If your dog doesn’t listen, he may otherwise be in pain, or have hearing/sight issues – there’s a variety of possible health issues so get that checked out by a vet.

It may be as simple as your dog getting something stuck in his paw (especially dry paws can even crack easily) and suddenly whining/refusing training.

Before you jump to any conclusion, make sure that your dog is completely healthy and not misbehaving out of illness.

If all medical issues are ruled out, it’s probably your specific training system that isn’t working, and changing things might be a good idea.

When To Consult A Trainer For Dog Discipline

If nothing seems to help and you are just at your wit’s end then consider getting help from a professional behaviorist or dog trainer.

He/she will be able to assist you in training and will be able to answer any related questions.

You can also attend training classes to keep your disciplining techniques up to date.

Continue on researching online or on YouTube. Videos and articles can be great resources for any topic.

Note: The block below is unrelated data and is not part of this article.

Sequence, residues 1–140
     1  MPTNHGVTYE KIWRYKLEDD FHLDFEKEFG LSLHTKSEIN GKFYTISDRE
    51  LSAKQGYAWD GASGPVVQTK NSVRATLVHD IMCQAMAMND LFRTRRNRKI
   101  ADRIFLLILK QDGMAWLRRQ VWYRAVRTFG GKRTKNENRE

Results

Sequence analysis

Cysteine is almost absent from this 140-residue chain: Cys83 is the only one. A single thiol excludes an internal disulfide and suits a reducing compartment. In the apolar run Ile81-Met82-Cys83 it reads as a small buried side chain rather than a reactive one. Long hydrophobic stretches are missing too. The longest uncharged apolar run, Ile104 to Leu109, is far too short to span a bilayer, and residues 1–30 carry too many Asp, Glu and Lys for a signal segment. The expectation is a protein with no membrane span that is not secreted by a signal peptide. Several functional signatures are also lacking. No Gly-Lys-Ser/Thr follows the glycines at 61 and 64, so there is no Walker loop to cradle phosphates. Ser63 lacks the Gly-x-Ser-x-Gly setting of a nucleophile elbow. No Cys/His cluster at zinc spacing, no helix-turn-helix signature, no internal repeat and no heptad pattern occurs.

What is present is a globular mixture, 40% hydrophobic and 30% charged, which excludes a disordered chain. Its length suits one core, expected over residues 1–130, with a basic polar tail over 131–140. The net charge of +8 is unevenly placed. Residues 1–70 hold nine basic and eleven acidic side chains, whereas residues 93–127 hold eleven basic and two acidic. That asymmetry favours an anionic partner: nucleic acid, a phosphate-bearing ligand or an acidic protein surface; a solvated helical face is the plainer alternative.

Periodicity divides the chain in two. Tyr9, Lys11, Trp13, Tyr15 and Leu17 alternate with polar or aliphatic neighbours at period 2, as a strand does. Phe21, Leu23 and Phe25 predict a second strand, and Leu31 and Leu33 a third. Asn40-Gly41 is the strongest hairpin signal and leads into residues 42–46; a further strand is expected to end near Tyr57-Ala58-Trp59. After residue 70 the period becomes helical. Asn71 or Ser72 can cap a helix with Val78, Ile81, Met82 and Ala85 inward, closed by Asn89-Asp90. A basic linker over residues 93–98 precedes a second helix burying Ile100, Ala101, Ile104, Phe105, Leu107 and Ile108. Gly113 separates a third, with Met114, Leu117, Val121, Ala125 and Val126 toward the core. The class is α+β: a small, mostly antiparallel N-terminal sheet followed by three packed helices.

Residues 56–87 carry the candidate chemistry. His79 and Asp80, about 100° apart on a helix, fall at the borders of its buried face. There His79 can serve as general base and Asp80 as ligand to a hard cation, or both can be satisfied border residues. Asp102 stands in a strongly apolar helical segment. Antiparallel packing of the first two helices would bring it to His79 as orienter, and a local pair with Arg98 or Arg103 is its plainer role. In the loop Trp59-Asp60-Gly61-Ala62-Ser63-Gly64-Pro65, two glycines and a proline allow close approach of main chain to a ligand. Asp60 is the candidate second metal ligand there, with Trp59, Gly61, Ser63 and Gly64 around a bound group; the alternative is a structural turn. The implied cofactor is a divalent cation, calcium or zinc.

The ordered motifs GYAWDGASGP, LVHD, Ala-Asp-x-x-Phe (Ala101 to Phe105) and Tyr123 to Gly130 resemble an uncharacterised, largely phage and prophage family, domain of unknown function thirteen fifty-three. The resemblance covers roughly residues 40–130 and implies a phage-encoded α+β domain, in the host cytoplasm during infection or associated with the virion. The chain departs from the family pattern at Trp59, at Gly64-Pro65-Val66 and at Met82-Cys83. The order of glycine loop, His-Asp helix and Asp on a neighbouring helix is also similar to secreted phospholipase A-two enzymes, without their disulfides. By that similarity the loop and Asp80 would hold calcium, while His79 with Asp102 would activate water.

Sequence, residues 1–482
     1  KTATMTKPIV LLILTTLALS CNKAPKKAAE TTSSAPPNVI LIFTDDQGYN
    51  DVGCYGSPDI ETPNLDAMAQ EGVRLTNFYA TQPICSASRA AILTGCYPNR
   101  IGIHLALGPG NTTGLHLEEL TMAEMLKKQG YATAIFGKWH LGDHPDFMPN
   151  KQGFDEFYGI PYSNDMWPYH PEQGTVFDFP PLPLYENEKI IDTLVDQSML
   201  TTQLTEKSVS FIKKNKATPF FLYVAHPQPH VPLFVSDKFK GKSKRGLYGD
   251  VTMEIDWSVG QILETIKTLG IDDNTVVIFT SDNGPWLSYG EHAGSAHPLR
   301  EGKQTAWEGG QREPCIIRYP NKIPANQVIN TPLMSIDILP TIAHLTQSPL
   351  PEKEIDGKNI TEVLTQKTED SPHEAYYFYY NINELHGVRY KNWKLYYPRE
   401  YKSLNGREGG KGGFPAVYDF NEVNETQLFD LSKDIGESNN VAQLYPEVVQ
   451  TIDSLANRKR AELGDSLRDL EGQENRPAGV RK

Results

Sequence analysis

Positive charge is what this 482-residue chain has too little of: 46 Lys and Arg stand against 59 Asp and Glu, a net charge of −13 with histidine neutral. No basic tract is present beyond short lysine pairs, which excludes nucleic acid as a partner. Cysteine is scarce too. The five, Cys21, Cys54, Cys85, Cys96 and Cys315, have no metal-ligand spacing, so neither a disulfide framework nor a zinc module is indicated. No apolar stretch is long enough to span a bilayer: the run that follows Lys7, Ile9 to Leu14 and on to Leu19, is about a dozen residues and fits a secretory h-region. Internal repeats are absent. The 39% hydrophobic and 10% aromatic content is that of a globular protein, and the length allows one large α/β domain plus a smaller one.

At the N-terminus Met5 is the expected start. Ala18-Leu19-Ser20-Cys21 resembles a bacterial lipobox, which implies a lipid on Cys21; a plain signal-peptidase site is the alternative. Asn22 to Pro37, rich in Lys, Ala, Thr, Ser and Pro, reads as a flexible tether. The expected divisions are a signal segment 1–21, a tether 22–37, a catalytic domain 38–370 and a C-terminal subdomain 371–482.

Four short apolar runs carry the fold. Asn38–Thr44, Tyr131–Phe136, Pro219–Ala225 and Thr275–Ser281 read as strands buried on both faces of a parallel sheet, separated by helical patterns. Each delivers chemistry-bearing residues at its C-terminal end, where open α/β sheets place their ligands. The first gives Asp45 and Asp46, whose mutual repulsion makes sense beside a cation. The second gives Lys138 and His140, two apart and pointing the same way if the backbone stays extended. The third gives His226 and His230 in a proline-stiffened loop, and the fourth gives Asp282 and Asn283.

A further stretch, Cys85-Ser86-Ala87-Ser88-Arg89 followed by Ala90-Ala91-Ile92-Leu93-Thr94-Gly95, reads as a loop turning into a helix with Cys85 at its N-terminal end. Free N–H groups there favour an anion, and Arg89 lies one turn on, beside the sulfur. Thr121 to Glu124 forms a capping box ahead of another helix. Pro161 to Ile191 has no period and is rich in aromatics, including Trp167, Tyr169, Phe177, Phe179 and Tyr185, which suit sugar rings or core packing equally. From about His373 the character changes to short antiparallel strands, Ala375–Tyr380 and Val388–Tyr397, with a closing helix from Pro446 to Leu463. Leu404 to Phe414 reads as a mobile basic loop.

Feel free to share any tips or ask questions in the comments down below regarding discipline and training.

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Disclaimer: This blog post does not substitute veterinary attention and does not intend to do so. I am not a veterinarian or pet nutritionist. If your dog shows any sign of illness, call your vet.

About Danielle

Equipped with 5+ years of expertise as a Rottweiler owner, I partner with licensed veterinarians and trainers to share research-backed and actionable advice for you and your furry friend.

Suzan Woychuk

Wednesday 28th of June 2023